Friends & Enemies: Andy Pettitte Splits

Generic Andy Photo. My last generic Andy photo ever? Sob. (AP Photo/Andy King)

Your critical analysis will have to wait another few hours, because I am personally still in mourning over Andy Pettitte. Yes, I know he’s not dead, but the man has been pitching since I was seven years old. When I was eight, he was the best pitcher in baseball, period. This was confirmed by something better than a statistic: my grandma told me so. Anyway, it’s kind of a stupid emotional thing for me. Instead, I thought I’d focus on the batters who are glad to see Andy go and some who would have liked him to stick around instead. It’s hard to say why hitters do well against specific pitchers. If you can hit one soft-tossing lefty, why not all the other ones in the league? Oh well. Baseball, being hard to predict, I guess.

Sad to See Him Go

Manny Ramirez

There’s no two ways about it: Manny had Andy’s number. Those years in Boston gave him lots of plate appearances to do as much damage as he possibly could, too. In 104 PAs, Manny hit .391/.452/.652, with an OPS of 1.104. He leads all hitters in damage against Andy Pettitte in three categories: hits (36), doubles (9) and RBIs (23), while striking out only eight times. He follows only Carlos Peña in home runs (5, to Peña’s 6), and only Frank Thomas in walks (10 to Thomas’ 11). He was intentionally walked twice. With his declining power, he needs a little more Andy Pettitte in his life. But if we have to suffer without him, so do you, Manny.

AP Photo/Ted Warren

Magglio Ordoñez

Despite a smaller sample size attributed to his AL Central habitat plus injuries, Ordoñez did fine for himself against our crafty lefty. In 42 plate appearances, he whipped up an impressive 1.050 SLG complete with two homers, six RBIs, and a triple. His best year against Pettitte was 2000, in which he tacked up a double, a triple, and two walks (one intentional).

Carlos Peña

It always surprises me when I hear people who bat .196 sign for $10M. Perhaps the Cubs are signing him specifically for interleague? Peña tops the Pettitte home run list with six, as well as holding the record for highest SLG (an impressive .875) and fourth in OPS (1.301). On top of this, man is tied with three others for the triples-against-Pettitte champion crown with two. In 2007, Peña went 4-for-8 with two home runs, which probably explains the 2.100 OPS. Don’t you just love the absurd numbers a tiny sample size can create?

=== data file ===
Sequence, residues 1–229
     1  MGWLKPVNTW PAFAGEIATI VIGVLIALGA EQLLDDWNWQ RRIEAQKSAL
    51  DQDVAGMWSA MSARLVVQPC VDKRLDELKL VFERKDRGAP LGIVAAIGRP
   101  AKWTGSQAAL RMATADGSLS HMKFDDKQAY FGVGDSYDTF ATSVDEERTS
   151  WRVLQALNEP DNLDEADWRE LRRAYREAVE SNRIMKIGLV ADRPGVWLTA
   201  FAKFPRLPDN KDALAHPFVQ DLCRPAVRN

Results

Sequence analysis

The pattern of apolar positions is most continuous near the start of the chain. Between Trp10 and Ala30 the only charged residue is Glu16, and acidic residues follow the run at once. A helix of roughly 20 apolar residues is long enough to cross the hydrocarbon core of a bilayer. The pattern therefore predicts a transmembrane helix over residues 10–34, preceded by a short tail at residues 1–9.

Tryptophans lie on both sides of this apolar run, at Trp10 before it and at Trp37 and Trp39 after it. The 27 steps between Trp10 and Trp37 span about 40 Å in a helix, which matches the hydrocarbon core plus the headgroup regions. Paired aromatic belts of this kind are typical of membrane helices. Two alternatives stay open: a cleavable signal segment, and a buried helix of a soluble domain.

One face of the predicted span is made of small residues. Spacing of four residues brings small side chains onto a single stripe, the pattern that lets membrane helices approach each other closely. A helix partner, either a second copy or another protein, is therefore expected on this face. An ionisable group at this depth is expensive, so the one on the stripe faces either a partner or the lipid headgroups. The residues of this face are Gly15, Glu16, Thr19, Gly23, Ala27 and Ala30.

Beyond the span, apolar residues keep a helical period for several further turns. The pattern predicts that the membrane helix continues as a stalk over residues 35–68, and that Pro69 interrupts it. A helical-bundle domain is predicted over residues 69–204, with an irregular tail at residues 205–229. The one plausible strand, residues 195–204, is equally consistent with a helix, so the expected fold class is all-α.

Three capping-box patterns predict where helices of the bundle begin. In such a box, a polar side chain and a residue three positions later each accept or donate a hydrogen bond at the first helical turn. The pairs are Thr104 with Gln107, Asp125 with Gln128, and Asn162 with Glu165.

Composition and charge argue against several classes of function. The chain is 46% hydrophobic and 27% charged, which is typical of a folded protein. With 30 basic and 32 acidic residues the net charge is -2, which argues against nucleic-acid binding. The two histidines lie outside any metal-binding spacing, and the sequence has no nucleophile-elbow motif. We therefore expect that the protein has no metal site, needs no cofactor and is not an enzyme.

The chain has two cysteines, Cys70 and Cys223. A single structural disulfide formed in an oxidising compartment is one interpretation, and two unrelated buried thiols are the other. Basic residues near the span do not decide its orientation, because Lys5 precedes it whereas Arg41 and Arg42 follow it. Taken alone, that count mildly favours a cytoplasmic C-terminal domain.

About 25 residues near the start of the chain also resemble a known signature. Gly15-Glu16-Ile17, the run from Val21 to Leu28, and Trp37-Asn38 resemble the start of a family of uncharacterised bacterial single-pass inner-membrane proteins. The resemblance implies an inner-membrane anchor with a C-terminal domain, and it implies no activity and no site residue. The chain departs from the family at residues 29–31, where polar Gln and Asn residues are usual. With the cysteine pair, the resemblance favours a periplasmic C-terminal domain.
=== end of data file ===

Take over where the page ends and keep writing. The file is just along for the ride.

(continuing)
The San Francisco Giants

Congratulations Giants, you are the only major league team that Pettitte has never beaten. In three games, Pettitte gave up a grand total of 11 ER and had a WHIP of 1.582, going 0-3. Most of his bad Giants numbers stem from one particularly nasty start during his Astros tenure, in which he pitched a little over five innings and gave up six runs and eleven hits.

On the other hand…

Happy to See Him Go

Alex Gonzalez

In 62 appearances, Gonzalez only managed a downright pathetic OPS of .404. This might have something to do with the fact he struck out fifteen times (24%) and hit into four double plays. He did manage a home run and four RBIs, but generally, going 8-for-58 is not advised if you’re actually trying to win anything. If you’re trying to make Andy Pettitte look good, of course, then these numbers’ll do rather well. Not sure if this was Gonzales’ intention, though.

Darin Erstad

.184/.184/.204 with a .388 OPS, combined 16 strikeouts and no walks in 49 appearances. Ow.

The Baltimore Orioles

"So what if he beat me in one stupid game?" (AP Photo/Erik Lesser)

Admittedly, the Orioles have been making everyone look good for the past ten years except themselves, so it’s not that much of a surprise that Andy is 27-6 against them for his career. He’s maintained a career 3.52 ERA against them and racked up nearly 150 strikeouts in about 250 innings, good for a 5 k/9 and a 1.64 K/BB. Not spectacular, but it did well for him, for sure. That’s our Andy.

John Smoltz

We will not have to listen to another postseason of Smoltz biting the inside of his mouth as he talks about Pettitte’s playoff prowess. You’d think the guy took a hard playoff loss to Andy at some point in his career. Jeez.

Yankees bringing Eric Chavez to camp

Via Sweeny Murti, the Yankees are bringing infielder Eric Chavez to camp as a non-roster invitee. If it makes you feel better, just call it a minor league contract, same difference. In case you missed it, they added Ronnie Belliard on a similar deal earlier tonight.